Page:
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Investors win big on bounce from the bottom

Data: FactSet; Chart: Andrew Witherspoon/Axios

For millions of American investors, it's been the best form of whiplash. We're now one year to the day from the stock market's low point — a year in which they more than recouped the stunning losses they saw in the late winter of 2020.

Why it matters: Never before has the market swung so swiftly from extreme pessimism to extreme optimism. Over the past year the S&P 500 has moved from being at a three-year low, to rallying by an astonishing 76% and hitting new all-time highs.

Flashback: The bottom, for the markets, came as the number of COVID-19 cases was still relatively small but rising exponentially, with no end in sight. The only way to prevent millions of deaths was to lock down economies around the world, bringing commerce to a halt and vaporizing trillions of dollars' worth of economic activity.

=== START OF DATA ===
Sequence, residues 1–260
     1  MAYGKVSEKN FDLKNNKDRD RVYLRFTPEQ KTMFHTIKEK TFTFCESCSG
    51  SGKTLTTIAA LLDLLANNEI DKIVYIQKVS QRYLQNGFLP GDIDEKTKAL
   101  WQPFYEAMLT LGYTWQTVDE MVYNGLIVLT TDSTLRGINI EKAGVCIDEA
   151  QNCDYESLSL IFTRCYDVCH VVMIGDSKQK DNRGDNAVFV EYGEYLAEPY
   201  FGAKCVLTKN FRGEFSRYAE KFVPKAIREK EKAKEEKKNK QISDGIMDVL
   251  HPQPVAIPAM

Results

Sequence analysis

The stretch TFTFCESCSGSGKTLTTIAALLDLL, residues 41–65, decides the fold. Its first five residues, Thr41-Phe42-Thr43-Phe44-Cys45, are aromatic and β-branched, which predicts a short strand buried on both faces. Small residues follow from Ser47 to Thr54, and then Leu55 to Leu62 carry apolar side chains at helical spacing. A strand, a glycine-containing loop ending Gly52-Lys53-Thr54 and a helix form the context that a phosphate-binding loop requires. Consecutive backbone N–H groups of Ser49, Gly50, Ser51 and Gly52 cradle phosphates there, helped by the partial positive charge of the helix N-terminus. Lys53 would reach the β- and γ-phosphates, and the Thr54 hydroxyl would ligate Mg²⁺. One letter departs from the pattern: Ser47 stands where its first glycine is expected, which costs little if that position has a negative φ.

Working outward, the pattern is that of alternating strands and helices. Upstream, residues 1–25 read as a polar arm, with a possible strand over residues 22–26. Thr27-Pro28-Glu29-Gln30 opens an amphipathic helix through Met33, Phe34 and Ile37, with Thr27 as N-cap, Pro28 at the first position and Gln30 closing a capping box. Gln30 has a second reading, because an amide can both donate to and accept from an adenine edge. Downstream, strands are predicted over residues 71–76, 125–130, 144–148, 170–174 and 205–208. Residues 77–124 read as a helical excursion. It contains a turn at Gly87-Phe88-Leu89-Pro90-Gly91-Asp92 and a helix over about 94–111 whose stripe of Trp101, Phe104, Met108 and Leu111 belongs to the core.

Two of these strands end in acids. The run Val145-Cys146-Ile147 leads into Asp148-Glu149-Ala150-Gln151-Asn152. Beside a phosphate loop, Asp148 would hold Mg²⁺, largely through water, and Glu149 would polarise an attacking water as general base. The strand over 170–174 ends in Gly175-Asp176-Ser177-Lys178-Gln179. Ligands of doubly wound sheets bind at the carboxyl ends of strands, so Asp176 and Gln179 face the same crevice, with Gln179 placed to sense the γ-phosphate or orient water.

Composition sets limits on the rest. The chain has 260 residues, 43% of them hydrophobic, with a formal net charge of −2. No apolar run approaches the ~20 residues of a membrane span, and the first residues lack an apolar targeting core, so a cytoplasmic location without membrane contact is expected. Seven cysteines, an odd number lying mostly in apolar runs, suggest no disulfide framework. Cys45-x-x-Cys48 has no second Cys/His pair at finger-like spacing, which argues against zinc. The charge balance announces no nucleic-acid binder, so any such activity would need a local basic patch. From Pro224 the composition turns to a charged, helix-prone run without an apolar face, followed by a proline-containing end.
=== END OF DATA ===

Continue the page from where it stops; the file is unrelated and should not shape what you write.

• The markets were in a tailspin, with the S&P 500 crashing by 34% in the space of just over a month. Only the bravest investors tried to catch that falling knife.
  • Since then, the economy has bounced back from its locked-down state, the federal government has approved more than $5 trillion of stimulus — much of which went straight into the market — and the Federal Reserve has promised to do everything in its power to keep money loose and employment rising.

The big picture: Stocks have never risen so much in 12 months. The previous record was a 61% rise ending in June 1983.

  • The riskier the asset, the higher the return: Bitcoin has soared by almost 800% over the past year, with Tesla stock not far behind. Safe-haven investments like gold and Treasury bonds have fared much less well.

By the numbers: An investor with a broadly diversified portfolio of stocks and bonds would have seen $1,000 turn into $1,658 over the past year.

  • A highly risky bet of $500 each on Bitcoin and Tesla a year ago would be worth $8,221 today.

The bottom line: Americans with investments have done very well over the past year. For the millions of unemployed, however, many of whom have no investments at all, that will come as little comfort.

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